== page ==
An integral part of all regulations for MDSW is development according to the software life cycle process, as defined by IEC 62304[16], a harmonized international standard that regulates MDSW life cycle development, requiring documentation and processes, such as software development planning, requirement analysis, architectural design, testing, verification, and maintenance.[12][17]

These regulations focus on minimizing patient risk, for example, harmful follow-up analysis, a wrong or missing treatment where needed, as a result of software failures, incorrect predictions, or other malfunctions. Several challenges arise in the attempt to eliminate these risks and allow for a smoother transfer of technology and greater reproducibility.

Challenges of scientific software development for health care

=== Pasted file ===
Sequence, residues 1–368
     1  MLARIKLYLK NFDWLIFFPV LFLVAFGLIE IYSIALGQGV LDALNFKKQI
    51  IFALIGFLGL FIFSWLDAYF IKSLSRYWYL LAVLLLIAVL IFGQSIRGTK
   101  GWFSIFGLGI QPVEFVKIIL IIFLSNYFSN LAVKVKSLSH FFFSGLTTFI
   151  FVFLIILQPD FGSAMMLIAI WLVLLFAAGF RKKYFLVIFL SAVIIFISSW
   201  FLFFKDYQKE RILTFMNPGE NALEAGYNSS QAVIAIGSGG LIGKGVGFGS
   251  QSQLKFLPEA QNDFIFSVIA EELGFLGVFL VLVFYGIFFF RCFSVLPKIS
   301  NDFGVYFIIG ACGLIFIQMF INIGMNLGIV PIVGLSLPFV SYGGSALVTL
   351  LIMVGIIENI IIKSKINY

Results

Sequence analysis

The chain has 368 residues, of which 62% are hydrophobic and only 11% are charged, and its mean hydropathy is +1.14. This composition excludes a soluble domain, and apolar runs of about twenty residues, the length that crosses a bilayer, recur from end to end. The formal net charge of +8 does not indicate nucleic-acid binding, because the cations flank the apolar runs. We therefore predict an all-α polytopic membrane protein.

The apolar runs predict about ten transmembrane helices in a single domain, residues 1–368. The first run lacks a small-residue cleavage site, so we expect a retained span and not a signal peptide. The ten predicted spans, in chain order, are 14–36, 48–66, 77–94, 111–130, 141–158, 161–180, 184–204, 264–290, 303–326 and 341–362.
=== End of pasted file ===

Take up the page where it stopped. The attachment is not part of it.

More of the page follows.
The primary goal of scientists remains conducting scientific activities rather than developing software. However, many scientists aim to make their findings and methodologies available to a broader audience and to be used for the greater good. Thus, many data science and AI methodologies, as well as corresponding implementations and software packages, exist that would, in theory, allow the development of efficacious AI-driven CDSSs and MDSW. However, scientists of different backgrounds tend to have very different knowledge of software engineering practices, often acquired through self-study.[18] Moreover, academic groups often consist of small teams that undergo frequent change or researchers that work on a "one person-one project" basis.[19][20] Thus, a lack of attention to relevant software development processes and engineering practices defined by the software life cycle negatively affects the usefulness of developed packages, particularly for developing software as a medical device.[21]